DULUTH – Chuck Cohen knew there was trouble by the sound of his mother's voice.
For decades, Nina Cohen, 80, has traveled to the Adas Israel Congregation here for all the high holy days. So when she called her son Monday morning with the news that the 117-year-old synagogue had caught fire hours earlier and had burned to the ground, "it sounded like a death in the family," Cohen said. "I could just feel it in her voice."
"There are no words right now," said David Sher, the 72-year-old vice president of the board at Adas Israel, addressing the loss.
As firefighters worked in the rain to put out the hot spots Monday afternoon, state and federal investigators were on the scene trying to determine the cause of the fire and whether it was set. Police had interviewed "several people of interest," they said, but by evening, investigators had yet to discover evidence that would suggest arson.
"Know that we are working in earnest on this investigation," said Duluth Police Chief Mike Tusken. "Buildings don't start on fire by themselves."
As investigators inspected the ruins, Gov. Tim Walz tweeted support to the now homeless congregation at a time of heightened insecurity for the Jewish community.
"I'm saddened to hear about the fire that destroyed much of the historic Adas Israel Congregation Synagogue," the governor said. "To members of the Jewish community — my heart is with you today."
Officials said there had been no known threats made against the congregation, and no one was inside when the fire started.
State fire investigators were on the scene, as were federal agents with the Bureau of Alcohol, Tobacco, Firearms and Explosives.
The blaze began just before 2:30 a.m., and the first to arrive on scene spotted a storage room on the east side of the synagogue ablaze, the Fire Department said. One firefighter was treated and released for injuries caused by falling debris.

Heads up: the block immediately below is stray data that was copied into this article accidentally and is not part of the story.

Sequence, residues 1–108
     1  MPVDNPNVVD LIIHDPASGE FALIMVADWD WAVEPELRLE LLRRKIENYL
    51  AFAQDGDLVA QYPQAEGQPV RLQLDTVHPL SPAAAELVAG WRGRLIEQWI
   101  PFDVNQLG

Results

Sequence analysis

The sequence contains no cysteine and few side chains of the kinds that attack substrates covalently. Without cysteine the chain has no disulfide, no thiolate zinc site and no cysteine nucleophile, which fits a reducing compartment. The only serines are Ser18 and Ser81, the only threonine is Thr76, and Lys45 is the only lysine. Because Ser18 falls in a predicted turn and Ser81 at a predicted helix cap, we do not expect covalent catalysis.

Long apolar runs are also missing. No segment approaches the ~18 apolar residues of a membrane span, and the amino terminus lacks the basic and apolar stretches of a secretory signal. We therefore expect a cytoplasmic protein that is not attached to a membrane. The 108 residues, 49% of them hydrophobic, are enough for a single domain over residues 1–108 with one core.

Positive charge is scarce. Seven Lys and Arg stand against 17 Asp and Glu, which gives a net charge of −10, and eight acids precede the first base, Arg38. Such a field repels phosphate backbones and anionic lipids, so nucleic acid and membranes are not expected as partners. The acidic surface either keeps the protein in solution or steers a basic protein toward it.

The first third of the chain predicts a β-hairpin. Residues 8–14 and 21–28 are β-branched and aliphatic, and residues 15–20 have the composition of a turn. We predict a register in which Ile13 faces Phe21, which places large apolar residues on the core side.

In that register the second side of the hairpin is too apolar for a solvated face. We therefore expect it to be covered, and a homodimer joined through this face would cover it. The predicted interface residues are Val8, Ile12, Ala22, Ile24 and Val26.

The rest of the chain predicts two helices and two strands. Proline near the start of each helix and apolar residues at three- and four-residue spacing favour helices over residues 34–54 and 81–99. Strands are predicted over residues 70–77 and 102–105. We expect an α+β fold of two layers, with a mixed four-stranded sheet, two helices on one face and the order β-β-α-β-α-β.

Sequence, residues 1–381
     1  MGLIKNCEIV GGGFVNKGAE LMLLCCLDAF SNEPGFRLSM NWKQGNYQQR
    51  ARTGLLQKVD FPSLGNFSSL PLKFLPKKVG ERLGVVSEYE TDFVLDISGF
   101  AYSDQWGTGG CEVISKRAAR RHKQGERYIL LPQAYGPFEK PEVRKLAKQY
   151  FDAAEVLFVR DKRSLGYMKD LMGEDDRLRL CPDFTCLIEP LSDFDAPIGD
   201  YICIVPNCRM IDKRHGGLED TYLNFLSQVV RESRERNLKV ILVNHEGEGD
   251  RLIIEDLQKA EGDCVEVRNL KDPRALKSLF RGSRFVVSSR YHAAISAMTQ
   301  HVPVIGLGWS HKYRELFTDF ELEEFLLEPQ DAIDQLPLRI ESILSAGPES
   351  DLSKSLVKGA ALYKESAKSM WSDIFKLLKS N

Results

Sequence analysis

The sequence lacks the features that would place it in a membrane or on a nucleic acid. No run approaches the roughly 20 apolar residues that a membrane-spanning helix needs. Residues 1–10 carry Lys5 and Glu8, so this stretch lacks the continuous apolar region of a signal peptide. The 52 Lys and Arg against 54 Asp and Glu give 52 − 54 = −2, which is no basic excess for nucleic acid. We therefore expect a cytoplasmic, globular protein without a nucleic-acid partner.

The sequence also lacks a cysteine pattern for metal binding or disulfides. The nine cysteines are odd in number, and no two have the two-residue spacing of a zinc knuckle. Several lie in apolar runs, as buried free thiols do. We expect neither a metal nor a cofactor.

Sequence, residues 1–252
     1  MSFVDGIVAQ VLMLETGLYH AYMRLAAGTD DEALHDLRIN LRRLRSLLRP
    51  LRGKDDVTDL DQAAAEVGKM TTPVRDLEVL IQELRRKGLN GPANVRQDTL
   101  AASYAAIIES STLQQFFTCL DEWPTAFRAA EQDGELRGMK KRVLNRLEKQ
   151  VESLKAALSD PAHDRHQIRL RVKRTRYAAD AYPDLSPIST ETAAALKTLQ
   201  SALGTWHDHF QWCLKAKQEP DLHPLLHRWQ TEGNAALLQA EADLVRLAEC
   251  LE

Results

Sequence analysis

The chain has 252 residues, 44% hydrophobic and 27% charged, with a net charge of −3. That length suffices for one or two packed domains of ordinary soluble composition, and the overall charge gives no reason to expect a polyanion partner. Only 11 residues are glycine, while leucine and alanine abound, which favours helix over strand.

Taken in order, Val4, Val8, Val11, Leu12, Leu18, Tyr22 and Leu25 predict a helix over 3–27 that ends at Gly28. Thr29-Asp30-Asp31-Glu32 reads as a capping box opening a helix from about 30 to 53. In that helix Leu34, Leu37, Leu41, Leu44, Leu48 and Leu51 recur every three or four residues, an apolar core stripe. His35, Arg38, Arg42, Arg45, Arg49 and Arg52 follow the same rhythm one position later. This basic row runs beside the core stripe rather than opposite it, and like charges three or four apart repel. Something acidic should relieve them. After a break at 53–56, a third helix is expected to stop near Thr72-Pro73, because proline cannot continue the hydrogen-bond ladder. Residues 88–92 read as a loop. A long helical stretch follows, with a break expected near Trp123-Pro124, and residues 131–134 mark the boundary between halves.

Several scrolls saved
Sher raced downtown to save the synagogue's Torah scrolls but found "the whole place was in flames." Ultimately eight of 14 scrolls were recovered as the flames appeared to spare the lower level where they were stored.
Jack Haskovitz of St. Louis Park said his grandfather built the only Orthodox synagogue in Superior, Wis., and when it closed, "all the Torahs and scrolls and books were transferred to this congregation."
The fire comes as three significant observances for the Jewish faith draw near. Rosh Hashanah, the Jewish New Year, begins at sunset on Sept. 29. Yom Kippur, the faith's holiest day of the year, begins at sunset on Oct. 8. The harvest holiday of Sukkot begins at sunset on Oct. 13 and runs until sunset on Oct. 20.
The fire was the third at a place of worship around downtown Duluth in the past several years, though officials said that had more to do with the age of the buildings.
The Minneapolis-based Jewish Community Relations Council of Minnesota and the Dakotas has established an emergency fund to support the Duluth congregation.
"As we approach the Jewish High Holy Days, we offer our full support to our fellow Jewish Duluthians," said Steve Hunegs, executive director of the council. "We are in close communication with the leadership of Adas Israel Congregation and law enforcement in the Duluth area."
The Adas Israel congregation was formed in 1885, and the cornerstone of the 7,900-square-foot location was laid in 1901 before construction was completed in 1902.
There is one other synagogue in Duluth — Temple Israel — which is located about 1¼ miles northeast of Adas Israel and is affiliated with the Reform and Reconstructionist movements.
"We at Temple Israel are devastated by this tragedy," Rabbi David Steinberg said in a tweet. "We offer our assistance to our friends and neighbors who belong to Adas Israel Congregation."
Cohen said his family helped found the congregation, and his parents Lawrence and Nina were married there in 1959 before they moved to St. Paul. He expressed confidence that "something beautiful is going to come of this."
"With great tragedy people come together in ways they didn't think they would."